Neringa Mikalauskienė, author of the fairy tale collection “Amber Heart,” won her first battle – the courts will now have to re-examine whether fairy tales with homosexual characters can be considered harmful to minors, or whether they simply promote tolerance for gay people.
The Supreme Court of Lithuania quashed the judgments of the Vilnius District Court and the Vilnius Regional Court, returning the case for retrial.
A target of censorship
The case that eventually wound up in the Supreme Court dates all the way back to the beginning of 2014, when the publisher of “Amber Heart,” the Lithuanian University of Educational Sciences, ceased all publication and publicly denounced the collection of fairy tales as “biased homosexual propaganda.”
In a subsequent opinion, the Office of the Inspector of Journalist Ethics concluded that the fairy tales were harmful to children up to the age of 14 and promoted a different understanding of what constitutes a family to the one enshrined in the Constitution of the Republic of Lithuania.
After Mikalauskienė (who writes under the pen name Neringa Dangvydė) filed her claim in court, the Lithuanian University of Educational Sciences came out saying that it had no obligation to distribute a book they themselves published, even though the Ministry of Culture had awarded a grant for publication. The university eventually relented and agreed to resume distribution, but gave the book an “N-14” (14 and above) rating.
Mikalauskienė said that the rating was offensive to her as a specialist in children’s literature and established that information about homosexuality could be considered harmful.
Lower courts: no discrimination
The Supreme Court held that it was in fact the duty of the lower courts to assess whether “Amber Heart” could harm minors or whether it merely promoted tolerance for different sexual orientations.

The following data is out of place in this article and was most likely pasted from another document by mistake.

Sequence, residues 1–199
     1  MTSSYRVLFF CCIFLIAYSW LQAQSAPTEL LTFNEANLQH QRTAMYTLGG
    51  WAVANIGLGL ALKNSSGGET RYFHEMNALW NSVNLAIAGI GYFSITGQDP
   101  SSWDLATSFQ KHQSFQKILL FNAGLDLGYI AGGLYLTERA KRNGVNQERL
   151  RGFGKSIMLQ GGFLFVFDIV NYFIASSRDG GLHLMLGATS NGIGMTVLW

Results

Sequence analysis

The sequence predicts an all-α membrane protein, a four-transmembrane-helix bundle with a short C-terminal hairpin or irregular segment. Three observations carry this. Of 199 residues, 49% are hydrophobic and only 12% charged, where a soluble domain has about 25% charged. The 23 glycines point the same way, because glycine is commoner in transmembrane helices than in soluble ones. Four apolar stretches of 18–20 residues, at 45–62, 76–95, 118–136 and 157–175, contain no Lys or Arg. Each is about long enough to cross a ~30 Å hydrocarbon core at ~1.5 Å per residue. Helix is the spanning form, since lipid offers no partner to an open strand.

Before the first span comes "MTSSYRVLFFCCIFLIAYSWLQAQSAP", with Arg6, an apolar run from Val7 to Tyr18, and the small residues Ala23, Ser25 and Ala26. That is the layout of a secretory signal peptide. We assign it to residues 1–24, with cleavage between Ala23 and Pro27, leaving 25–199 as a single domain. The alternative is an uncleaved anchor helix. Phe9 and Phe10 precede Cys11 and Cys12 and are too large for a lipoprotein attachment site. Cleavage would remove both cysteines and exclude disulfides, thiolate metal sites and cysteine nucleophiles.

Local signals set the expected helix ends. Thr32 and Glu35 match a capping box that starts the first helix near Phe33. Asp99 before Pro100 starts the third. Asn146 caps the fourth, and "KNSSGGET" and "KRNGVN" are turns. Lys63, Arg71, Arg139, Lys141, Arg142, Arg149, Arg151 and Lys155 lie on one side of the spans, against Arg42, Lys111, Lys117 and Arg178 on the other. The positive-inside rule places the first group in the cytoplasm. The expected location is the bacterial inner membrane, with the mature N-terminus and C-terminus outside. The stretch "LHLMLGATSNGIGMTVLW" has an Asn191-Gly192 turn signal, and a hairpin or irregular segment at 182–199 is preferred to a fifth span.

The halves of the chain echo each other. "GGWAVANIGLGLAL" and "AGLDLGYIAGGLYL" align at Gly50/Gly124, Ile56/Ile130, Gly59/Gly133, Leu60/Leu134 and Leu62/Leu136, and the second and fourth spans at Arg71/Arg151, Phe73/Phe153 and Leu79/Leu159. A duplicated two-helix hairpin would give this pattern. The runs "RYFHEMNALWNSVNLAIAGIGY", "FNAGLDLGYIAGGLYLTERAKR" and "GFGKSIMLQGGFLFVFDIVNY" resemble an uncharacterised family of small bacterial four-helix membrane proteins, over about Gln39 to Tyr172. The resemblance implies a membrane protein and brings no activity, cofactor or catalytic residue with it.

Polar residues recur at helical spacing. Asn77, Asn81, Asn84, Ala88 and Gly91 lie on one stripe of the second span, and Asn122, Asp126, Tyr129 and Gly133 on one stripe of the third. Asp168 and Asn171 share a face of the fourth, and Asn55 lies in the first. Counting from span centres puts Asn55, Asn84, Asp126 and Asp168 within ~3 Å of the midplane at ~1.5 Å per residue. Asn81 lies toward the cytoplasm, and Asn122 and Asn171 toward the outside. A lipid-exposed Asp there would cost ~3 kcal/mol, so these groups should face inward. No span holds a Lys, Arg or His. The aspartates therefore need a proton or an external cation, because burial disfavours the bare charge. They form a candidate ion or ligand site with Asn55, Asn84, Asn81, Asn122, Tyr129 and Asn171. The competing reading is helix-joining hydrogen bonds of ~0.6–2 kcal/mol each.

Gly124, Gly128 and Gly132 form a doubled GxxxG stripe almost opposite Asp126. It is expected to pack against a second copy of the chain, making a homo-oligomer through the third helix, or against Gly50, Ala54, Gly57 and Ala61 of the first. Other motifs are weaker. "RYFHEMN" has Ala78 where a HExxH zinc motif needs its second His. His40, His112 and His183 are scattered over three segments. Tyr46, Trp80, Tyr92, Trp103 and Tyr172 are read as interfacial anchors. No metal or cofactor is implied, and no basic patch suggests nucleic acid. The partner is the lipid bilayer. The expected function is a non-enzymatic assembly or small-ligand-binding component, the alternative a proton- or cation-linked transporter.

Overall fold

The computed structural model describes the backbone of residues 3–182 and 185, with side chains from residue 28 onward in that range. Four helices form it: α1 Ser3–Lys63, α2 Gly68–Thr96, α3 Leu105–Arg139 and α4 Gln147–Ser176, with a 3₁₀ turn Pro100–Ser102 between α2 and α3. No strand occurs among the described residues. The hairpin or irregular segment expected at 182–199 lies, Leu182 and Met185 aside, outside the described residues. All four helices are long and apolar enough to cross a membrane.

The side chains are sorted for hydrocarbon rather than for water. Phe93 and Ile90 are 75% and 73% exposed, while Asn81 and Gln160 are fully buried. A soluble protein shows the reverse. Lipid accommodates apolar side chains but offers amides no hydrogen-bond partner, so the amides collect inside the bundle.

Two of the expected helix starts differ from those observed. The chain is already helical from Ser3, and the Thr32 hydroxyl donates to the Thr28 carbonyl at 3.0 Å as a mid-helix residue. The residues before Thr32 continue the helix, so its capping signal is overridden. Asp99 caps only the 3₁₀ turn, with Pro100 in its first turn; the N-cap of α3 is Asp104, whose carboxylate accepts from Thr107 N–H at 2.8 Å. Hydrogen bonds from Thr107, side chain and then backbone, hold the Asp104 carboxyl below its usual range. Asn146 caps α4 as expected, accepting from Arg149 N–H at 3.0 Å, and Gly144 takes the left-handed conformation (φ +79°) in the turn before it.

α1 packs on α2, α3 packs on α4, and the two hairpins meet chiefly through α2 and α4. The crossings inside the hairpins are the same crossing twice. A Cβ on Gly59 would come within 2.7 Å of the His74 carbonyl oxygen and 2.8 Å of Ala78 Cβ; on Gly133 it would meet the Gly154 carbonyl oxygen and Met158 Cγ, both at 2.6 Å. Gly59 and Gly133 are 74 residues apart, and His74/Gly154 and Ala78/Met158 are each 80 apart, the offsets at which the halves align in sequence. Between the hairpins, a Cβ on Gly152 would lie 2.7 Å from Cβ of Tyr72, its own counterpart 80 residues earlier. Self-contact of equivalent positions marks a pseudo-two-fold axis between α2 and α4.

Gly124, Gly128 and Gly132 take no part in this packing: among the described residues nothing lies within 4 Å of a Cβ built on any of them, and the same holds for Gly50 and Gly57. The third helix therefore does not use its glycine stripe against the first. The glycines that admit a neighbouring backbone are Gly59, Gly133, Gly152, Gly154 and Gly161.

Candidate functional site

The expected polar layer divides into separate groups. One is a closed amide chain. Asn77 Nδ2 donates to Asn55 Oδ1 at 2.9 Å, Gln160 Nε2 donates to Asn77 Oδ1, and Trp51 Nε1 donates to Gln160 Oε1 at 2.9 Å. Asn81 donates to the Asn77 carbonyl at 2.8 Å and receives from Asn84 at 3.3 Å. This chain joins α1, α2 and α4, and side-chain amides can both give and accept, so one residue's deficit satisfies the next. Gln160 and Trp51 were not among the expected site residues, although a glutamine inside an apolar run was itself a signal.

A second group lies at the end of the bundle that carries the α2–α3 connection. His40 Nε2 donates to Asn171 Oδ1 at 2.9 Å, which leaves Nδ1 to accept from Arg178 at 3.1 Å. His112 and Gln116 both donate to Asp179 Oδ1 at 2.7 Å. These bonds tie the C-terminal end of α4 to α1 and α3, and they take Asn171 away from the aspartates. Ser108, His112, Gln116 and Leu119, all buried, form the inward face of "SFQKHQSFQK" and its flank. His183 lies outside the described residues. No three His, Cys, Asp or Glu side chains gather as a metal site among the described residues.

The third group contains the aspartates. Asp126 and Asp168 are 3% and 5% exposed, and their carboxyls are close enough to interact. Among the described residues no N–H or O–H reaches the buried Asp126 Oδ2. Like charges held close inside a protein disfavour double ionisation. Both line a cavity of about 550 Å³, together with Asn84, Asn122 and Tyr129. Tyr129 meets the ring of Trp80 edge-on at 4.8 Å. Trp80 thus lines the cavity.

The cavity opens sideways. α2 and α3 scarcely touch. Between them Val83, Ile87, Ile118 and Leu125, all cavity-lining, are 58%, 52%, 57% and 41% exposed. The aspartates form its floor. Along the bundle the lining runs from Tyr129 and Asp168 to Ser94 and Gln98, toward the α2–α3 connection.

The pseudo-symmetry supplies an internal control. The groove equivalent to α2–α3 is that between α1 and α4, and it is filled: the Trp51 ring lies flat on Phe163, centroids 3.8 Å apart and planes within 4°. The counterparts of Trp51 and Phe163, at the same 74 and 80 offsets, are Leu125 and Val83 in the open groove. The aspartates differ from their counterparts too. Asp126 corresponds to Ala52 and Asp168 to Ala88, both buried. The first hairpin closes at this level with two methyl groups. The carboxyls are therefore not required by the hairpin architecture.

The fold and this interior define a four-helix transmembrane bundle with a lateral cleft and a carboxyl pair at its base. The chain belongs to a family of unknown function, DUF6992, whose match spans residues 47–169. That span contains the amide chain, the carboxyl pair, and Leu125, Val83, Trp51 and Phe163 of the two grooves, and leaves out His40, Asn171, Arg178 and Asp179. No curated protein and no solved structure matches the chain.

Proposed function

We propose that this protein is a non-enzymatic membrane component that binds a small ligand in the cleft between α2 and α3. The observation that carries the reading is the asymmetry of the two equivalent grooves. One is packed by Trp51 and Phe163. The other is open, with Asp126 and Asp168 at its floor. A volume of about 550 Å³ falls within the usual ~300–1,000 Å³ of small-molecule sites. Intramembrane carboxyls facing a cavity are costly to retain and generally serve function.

The three-judge panel noted that the lower courts’ refusal to examine certain claims of Mrs. Mikalauskienė, namely that distribution was suspended due to discrimination based on sexual orientation, was unreasonable.
The Court also took a dim view of the fact that the lower courts did not themselves examine the book’s contents, relied solely on the opinion of the Office of the Inspector of Journalist Ethics, failed to assess whether the opinion was reasonable and whether such a restriction would be proportionate with respect to minors. The Court also held that the burden of proof regarding discrimination was unreasonably shifted to the writer.
“My book contains both happy heterosexual and happy homosexual families. Therefore it’s more about promoting tolerance for different sexual orientations and showing that responsibility, respect for one another and loyalty are values shared by all,” said Mikalauskienė when the decision was made public.
“When the appellate court re-examines the case, it will have to determine whether there were grounds for restricting the publication of “Amber Heart,” whether the restrictions chosen by the publisher were proportionate and whether the publisher, by suspending publication, did not discriminate against the author,” said attorney Akvilė Bužinskaitė, who helped draft the claim together with lawyers from NGOs.
The case will now be returned to the regional court, where the book’s ultimate fate will be decided.